“I want him to know he’s loved, and will always have me and his Uncle Sam there to take care of him.”
In a word: Maybe read the thing? I don’t know. I have very mixed feelings about this book. A lot of it is slice-of-life stuff in a small Mississippi town as seen through the eyes of our main character/narrator, Henry Hood. Adding to that, though, is the undercurrent of a somewhat deeper and darker plot involving Henry’s nephew and custody and family secrets. It sounds fine on paper, but in execution there’s a lot of homophobia and racism (from the characters, not the author), which is fine as it makes for a varied cast of characters and interesting dialogue, but it’s not something that I enjoy reading personally. Some parts of this book made me unbelievably angry, some parts made me uncomfortable, some parts made me laugh, and some parts made me go ‘aww’; it was a very emotional read. Most of the problems I had with this book were personal ones, there’s nothing really wrong with the book itself. The characters are interesting, the plot sometimes drags, but ultimately everything flows well. Try it out if you want, but if you don’t like reading things that are going to make you angry and upset you’re probably better off skipping it.
THIS POST CONTAINS SPOILERS
The Trigger Warning: This book contains homophobia, racism, homophobic and racist slurs, mentioned drug use, mentioned child abuse/neglect, mentioned child rape/incest, and child abandonment.
The Couple: Henry “Hen” Hood and Sam Rakestraw are the two leads, and if this were a romance novel the romance would be focused on them. Hen, our narrator, is a farmer and landscaper who lives in the old family house that was left to him when his parents died about three years before the story starts. Sam is his live-in boyfriend of four years (though they’ve apparently been together on and off since the tenth grade, though the story doesn’t really get into that) who works in one of the supermarkets in the chain owned by his family. They’re both out, but there’s this weird thing where some people in their small town know that they’re gay and together, and some people don’t seem to realize it? It’s weird. But it’s mostly due to the attitude of the townsfolk and what gay stereotypes they know. Sam is a lot more outgoing than Hen, but Hen has more shit to deal with than Sam. Sam seems a lot more sure of himself and his place in life, but he’s also a pillar of the community with a supportive family backing him. It also doesn’t hurt that he’s regularly employed, which all serves to make him a confident, more or less well-adjusted man. Hen is another story altogether. Three years before the story starts, his parents die in an apparent murder-suicide and that’s left him with a lot of mental health issues (understandably so). We don’t know what he was like before, but Sam tells us that he was a lot happier and easier to be around. Hen is pretty closed-off these days, and he only really comes around more when he has Ishy to focus on. He’s also pretty passive most of the time, letting things just happen to him and not doing much to rock the boat, and he goes on like that until he hits pretty near rock-bottom and starts fighting back.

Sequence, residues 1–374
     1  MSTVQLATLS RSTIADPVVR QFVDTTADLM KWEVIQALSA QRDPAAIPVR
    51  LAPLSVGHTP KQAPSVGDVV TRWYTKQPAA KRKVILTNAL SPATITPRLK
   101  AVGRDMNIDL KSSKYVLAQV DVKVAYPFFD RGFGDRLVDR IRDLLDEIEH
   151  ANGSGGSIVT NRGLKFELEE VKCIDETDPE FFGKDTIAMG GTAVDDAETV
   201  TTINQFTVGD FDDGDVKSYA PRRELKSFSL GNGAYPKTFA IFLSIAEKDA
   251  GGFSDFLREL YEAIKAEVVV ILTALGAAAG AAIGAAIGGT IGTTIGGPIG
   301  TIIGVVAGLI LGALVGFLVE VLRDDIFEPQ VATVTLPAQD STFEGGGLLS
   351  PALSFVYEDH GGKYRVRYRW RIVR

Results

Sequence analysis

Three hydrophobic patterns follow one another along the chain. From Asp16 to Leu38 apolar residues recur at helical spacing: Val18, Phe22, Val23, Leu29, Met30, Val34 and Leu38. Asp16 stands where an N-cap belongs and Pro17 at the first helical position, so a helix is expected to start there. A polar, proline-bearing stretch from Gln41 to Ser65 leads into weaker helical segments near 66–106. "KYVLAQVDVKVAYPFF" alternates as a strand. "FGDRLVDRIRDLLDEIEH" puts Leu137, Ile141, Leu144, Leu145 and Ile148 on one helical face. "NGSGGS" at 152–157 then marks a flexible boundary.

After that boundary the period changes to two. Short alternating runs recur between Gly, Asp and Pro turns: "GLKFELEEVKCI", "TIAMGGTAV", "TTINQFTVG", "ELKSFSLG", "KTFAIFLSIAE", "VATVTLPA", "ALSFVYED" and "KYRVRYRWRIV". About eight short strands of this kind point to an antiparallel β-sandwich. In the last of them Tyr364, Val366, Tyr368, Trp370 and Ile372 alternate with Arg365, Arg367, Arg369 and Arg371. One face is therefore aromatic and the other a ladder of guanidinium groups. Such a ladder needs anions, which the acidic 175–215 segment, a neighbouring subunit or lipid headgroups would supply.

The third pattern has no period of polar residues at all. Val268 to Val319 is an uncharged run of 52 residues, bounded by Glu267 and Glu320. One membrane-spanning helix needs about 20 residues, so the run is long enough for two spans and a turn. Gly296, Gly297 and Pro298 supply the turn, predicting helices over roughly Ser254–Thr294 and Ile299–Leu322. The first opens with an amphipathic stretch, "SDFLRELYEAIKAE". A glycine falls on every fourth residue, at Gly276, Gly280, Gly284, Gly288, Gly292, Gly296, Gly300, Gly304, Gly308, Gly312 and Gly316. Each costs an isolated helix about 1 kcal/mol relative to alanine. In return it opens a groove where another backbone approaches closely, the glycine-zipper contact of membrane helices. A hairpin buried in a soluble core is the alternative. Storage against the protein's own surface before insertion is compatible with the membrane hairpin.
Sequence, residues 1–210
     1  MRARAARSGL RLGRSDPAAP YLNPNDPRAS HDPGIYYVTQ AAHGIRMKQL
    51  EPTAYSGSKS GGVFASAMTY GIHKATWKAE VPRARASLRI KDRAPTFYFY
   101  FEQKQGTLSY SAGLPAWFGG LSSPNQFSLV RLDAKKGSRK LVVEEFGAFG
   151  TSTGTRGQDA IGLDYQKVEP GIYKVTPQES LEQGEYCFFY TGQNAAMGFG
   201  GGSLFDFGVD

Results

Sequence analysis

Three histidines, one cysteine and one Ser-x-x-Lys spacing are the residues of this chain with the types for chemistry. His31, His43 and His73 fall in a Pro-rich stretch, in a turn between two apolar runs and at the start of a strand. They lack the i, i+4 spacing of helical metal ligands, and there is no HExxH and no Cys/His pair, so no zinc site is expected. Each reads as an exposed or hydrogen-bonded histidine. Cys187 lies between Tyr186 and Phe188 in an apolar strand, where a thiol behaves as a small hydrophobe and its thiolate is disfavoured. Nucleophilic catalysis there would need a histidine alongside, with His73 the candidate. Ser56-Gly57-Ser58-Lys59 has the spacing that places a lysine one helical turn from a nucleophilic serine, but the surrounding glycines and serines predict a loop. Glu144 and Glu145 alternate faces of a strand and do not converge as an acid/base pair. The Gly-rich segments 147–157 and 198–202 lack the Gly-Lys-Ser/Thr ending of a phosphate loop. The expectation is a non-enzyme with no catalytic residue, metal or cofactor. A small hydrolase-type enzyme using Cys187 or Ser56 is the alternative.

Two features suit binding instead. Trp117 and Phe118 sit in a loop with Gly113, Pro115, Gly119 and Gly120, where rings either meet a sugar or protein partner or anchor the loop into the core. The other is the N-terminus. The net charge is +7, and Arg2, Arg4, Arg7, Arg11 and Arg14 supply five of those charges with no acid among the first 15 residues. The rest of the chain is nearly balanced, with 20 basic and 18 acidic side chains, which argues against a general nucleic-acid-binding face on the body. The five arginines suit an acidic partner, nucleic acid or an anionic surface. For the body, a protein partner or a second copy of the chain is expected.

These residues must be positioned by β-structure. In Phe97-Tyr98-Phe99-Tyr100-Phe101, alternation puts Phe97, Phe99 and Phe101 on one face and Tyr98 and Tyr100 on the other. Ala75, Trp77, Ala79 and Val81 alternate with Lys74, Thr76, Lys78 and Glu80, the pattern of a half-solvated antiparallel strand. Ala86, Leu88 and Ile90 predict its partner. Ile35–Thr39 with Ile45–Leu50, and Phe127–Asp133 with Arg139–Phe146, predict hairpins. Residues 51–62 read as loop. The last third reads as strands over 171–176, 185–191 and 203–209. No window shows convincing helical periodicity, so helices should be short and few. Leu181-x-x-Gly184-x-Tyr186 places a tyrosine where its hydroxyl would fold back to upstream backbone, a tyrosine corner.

The Kid: Ishmael “Ishy” Hood is Hen’s 7-year-old nephew, and he’s basically what gets the plot rolling. Ishy is just pitiful, just a kid you can’t help but feel sorry for because his life so far has mostly been full of suck. His mother, Hen’s younger sister Sarah, is a drug addict and often leaves Ishy to fend for himself. Ishy’s small for his age, and he’s a bit slow (he doesn’t have any sort of diagnosis). He’s painfully shy and doesn’t open up easily to people. It’s established that he’s known Hen and Sam for years, but it still takes him a bit to warm up to them (especially to Hen because Hen’s a complete arsehole to him at first). Another thing to mention is that Ishy is written as a normal child character. He’s not ‘wise beyond his years’, he’s not there to spout platitudes and weirdly relevant advice. He does none of that. What he does do is act like an abused child who starts to flourish when he finally has access to people who love and care for him. He’s still 7 years old, when fart jokes are the high point of comedy.